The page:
Former TSA Head Says Airport Security Searches Largely A Waste

April 16, 2012
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If you think that security searches for pen knives and razor blades is a waste of money and your time, you have agreement from the man who should know: The former administrator of the Transportation Security Administration.

“More than a decade after 9/11, it is a national embarrassment that our airport security system remains so hopelessly bureaucratic and disconnected from the people whom it is meant to protect. Preventing terrorist attacks on air travel demands flexibility and the constant reassessment of threats. It also demands strong public support, which the current system has plainly failed to achieve,” former TSA Administrator Kip Hawley wrote for the Wall Street Journal.

Hawley

“The crux of the problem, as I learned in my years at the helm, is our wrongheaded approach to risk. In attempting to eliminate all risk from flying, we have made air travel an unending nightmare for U.S. passengers and visitors from overseas, while at the same time creating a security system that is brittle where it needs to be supple.”

Hawley’s main point is that TSA inspectors are searching for items that could be used to gain entrance to the cockpit. But the cockpit doors have all been reinforced with steel and no one is going to force their way in with a penknife.

Instead of worrying about banned items – many of which TSA inspectors miss anyway – Hawley, who served from 2005 to 2009 – says TSA inspectors should be given wider latitude and spend their time doing random searches, looking for actual weapons, and interacting with passengers.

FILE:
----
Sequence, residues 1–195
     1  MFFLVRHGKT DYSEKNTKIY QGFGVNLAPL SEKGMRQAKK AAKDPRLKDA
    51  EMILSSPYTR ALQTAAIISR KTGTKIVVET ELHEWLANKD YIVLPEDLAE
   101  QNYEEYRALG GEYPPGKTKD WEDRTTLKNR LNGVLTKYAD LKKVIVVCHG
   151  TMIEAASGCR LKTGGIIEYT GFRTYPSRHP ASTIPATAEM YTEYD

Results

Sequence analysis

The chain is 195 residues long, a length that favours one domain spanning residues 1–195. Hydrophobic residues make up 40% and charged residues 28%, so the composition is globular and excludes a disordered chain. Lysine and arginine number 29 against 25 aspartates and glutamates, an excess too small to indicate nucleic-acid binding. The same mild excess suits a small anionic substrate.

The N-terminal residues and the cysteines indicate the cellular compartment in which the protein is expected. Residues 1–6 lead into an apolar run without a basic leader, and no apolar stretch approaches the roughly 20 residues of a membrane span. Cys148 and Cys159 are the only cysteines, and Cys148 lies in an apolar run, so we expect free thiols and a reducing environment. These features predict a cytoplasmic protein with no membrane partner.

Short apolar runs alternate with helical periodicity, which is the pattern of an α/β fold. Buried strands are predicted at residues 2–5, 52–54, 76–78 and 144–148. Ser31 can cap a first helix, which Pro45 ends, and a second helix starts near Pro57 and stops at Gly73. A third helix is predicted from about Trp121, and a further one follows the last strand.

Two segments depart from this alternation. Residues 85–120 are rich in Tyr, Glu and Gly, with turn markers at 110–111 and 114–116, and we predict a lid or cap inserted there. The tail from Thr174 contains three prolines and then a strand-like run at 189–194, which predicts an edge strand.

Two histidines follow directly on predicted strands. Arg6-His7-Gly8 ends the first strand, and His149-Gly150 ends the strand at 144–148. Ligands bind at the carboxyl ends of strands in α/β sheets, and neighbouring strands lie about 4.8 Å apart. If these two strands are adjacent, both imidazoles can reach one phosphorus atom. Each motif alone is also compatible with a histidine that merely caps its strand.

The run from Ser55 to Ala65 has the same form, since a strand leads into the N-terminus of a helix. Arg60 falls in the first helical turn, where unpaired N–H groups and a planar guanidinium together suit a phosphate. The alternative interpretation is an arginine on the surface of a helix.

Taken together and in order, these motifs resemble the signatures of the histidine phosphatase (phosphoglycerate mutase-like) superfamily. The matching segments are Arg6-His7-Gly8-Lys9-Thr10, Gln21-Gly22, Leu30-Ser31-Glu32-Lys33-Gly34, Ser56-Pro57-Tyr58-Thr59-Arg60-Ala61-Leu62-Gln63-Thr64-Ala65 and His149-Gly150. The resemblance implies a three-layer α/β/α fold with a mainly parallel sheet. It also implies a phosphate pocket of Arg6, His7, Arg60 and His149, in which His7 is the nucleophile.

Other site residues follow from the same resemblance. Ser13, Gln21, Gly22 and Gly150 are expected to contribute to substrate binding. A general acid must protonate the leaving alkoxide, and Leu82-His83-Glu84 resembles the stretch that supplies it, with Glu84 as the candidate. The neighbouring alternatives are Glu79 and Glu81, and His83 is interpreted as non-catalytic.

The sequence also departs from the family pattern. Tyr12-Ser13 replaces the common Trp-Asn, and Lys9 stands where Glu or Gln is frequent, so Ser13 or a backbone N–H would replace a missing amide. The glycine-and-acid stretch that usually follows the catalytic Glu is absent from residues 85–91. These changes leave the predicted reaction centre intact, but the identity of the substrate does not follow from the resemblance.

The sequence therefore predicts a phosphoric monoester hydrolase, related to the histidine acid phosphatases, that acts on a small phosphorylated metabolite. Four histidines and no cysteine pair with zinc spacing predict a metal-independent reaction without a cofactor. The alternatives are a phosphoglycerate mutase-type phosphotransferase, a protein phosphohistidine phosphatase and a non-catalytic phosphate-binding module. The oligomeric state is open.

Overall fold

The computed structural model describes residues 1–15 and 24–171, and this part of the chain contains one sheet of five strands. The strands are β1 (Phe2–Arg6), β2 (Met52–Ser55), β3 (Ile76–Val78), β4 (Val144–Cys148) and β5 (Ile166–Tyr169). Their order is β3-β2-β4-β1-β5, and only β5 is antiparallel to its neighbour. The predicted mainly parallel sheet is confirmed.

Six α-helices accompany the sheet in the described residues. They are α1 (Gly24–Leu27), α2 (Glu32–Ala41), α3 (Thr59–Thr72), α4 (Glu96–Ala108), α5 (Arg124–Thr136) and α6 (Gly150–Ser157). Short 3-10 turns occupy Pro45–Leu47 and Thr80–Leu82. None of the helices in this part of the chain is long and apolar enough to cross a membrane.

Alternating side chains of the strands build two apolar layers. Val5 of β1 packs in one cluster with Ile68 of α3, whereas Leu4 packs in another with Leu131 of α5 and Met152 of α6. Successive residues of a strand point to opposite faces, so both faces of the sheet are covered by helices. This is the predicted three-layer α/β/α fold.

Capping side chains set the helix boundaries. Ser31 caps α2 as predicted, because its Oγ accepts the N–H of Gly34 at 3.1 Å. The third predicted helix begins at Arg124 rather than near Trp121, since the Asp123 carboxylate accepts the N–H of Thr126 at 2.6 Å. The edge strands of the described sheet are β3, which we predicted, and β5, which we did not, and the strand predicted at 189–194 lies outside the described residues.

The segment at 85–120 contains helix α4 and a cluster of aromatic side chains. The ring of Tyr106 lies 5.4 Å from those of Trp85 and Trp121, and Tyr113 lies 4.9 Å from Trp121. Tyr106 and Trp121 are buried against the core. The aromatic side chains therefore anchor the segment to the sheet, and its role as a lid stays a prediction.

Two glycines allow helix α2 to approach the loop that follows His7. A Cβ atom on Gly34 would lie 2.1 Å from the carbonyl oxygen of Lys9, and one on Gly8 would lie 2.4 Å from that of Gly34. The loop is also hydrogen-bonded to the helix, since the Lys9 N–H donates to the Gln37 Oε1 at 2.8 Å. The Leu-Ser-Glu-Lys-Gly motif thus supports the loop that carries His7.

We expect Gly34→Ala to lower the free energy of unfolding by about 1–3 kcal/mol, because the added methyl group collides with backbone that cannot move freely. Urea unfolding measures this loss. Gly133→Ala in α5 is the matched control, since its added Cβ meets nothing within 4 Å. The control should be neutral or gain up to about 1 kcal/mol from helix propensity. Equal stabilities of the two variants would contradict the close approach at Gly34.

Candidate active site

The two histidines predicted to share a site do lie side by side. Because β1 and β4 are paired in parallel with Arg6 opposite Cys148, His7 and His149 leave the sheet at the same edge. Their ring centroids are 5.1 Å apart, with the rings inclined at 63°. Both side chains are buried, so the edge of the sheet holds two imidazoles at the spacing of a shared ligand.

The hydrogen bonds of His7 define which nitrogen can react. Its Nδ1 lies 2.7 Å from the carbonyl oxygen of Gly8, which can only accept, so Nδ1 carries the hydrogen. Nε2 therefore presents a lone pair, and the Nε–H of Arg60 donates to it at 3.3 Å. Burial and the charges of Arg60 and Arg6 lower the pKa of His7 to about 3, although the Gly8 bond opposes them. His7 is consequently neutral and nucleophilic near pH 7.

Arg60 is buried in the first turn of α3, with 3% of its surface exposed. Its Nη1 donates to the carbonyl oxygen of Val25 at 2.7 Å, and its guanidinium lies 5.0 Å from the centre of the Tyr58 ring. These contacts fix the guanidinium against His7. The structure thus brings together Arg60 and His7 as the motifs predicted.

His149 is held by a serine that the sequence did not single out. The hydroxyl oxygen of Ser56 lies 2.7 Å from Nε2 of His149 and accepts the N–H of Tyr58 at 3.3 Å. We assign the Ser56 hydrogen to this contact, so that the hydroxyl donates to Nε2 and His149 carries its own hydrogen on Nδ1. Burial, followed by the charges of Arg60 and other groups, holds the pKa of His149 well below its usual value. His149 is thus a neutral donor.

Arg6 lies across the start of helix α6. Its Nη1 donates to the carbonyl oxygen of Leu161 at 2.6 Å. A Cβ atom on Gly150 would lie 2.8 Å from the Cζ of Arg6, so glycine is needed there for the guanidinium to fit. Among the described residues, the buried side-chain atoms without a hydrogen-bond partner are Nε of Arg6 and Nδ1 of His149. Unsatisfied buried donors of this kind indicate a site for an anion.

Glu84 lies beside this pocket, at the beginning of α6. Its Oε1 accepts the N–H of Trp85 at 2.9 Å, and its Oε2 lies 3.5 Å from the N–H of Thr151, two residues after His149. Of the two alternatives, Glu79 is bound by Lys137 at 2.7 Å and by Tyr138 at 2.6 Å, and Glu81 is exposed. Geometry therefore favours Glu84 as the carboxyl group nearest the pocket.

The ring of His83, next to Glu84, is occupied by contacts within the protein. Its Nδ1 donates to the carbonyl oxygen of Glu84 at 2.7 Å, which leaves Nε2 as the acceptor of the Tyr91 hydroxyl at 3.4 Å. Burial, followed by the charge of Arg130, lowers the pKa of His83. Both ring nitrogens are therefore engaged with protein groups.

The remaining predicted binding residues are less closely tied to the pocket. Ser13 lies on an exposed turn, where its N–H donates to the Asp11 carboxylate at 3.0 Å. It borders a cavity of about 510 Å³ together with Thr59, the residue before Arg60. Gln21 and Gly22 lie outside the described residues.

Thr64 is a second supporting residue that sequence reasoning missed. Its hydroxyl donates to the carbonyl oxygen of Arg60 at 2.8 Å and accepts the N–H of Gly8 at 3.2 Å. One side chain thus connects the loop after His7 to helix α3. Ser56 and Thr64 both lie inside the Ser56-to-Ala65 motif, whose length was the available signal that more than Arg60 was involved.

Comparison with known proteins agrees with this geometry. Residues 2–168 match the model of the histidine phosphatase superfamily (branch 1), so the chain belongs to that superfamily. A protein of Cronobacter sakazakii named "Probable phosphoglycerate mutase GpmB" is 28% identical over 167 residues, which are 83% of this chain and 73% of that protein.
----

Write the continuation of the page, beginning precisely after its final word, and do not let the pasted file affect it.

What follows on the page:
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3 Responses to Former TSA Head Says Airport Security Searches Largely A Waste

  1. ccs on April 17, 2012 at 9:12 am

    totally agree !!! the enemy has and is figuring out how to beat the system,as for every day people it is another form of control ,if you desensitize the public you can control them better,i think the public is finally figuring this out,better late than never….plus i think it has only caused more problems,who IS really watching the security workers and how can you really trust them,you do not know who is who any more ,especially in this day and age where right is wrong and wrong is right ,i could go on and on ,but i think my point was made….

  2. Willa Nemetz on April 17, 2012 at 10:35 am

    I flew back to Hartford from Phoenix last week. A small jar of jam was confiscated from my carry-on. Fair enough: I should have packed it in my checked baggage. However, once I got on the plane I noted four women knitting. How is it that knitting needles were allowed? Seems to me they could do a lot more damage than jam!

  3. ccs on April 17, 2012 at 12:10 pm

    my point!!!! whoops only word i could think of !!!!





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